In Japanese popular culture, there are plenty of strong female leading characters. However, ambitious heroines usually appear and gain acceptance in works targeted toward female readers or viewers. These women generally have sympathetic reasons that justify their ambitions. Raw ambition is not much seen, accepted, or perhaps even allowed in the case of women in reality or fiction.
In this presentation, I will examine how ambitions are characterized in the works of the manga author, Anno Moyoco, whose works appear in magazines targeted for male readership. I will discuss how their depictions reflected the author’s contemporary society, and explore what it means to be ambitious. I will analyze the texts, their production, and readership in relation to the history of depicting ambitious women in Japan. I will also account for the appeal and meaning of these ambitious women for readers and viewers, both male and female.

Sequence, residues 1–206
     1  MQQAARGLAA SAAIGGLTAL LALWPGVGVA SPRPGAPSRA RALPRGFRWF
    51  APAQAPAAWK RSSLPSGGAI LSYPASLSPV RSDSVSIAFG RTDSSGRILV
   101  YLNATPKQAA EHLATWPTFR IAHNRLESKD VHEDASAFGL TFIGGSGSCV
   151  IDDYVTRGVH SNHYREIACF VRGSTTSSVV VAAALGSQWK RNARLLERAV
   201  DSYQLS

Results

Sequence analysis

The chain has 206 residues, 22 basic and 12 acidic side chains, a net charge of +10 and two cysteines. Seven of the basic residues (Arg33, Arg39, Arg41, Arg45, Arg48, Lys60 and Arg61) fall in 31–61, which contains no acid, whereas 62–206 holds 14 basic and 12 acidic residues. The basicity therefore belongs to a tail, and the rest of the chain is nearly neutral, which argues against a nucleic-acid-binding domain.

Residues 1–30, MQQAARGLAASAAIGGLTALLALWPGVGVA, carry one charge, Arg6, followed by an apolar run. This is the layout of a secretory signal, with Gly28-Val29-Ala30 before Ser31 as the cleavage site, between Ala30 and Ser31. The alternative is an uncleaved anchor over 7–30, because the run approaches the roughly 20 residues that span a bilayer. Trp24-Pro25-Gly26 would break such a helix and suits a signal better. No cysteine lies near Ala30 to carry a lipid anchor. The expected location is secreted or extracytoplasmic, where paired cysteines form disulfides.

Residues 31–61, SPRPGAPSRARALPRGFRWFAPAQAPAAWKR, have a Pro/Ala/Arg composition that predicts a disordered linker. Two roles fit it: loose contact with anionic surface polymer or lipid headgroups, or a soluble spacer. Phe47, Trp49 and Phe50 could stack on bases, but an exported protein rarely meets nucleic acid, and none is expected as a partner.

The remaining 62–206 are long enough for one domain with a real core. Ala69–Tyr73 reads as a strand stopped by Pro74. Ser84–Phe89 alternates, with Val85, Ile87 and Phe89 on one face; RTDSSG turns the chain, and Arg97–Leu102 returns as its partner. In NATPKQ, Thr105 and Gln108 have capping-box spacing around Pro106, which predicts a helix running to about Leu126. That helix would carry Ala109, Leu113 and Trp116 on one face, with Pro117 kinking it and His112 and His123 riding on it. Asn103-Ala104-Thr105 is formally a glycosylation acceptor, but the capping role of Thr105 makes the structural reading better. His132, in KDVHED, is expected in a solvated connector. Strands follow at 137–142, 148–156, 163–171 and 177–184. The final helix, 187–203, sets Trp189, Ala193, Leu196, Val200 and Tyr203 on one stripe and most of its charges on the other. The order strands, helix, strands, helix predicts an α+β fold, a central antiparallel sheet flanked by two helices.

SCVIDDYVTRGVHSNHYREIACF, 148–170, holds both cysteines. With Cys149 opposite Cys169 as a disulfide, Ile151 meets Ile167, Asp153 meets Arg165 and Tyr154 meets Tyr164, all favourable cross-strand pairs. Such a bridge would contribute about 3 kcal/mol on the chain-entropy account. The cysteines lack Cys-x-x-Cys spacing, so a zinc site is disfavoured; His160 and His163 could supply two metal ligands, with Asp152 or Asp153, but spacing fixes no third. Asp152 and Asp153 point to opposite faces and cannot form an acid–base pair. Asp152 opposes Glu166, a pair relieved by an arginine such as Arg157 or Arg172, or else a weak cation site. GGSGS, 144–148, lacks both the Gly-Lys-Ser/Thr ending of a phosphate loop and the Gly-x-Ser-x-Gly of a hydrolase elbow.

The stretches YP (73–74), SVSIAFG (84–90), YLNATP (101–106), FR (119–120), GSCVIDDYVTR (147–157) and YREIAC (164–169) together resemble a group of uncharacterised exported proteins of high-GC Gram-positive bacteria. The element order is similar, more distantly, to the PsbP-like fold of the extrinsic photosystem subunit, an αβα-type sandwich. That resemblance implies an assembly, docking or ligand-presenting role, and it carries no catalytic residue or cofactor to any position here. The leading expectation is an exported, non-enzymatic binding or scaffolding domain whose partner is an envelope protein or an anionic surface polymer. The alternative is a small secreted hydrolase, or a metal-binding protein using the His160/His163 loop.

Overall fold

Dr. Yasuko Akiyama, Lecturer
About the presenter:
Yasuko Akiyama, Ph.D. teaches Japanese at EALC in Indiana University Bloomington, and served as an instructor and coordinator in the summer program at JCMS in the distant past. Her research focuses are language and culture learning in the classroom and Japanese popular culture. Her most recent presentations include “Gendered superheroes?: The women warriors in Claymore and All You Need is Kill,” “Japan’s Aegean”: Using the image of the Mediterranean to promote a Japanese rural sea town, and “Students with disabilities in college Japanese class.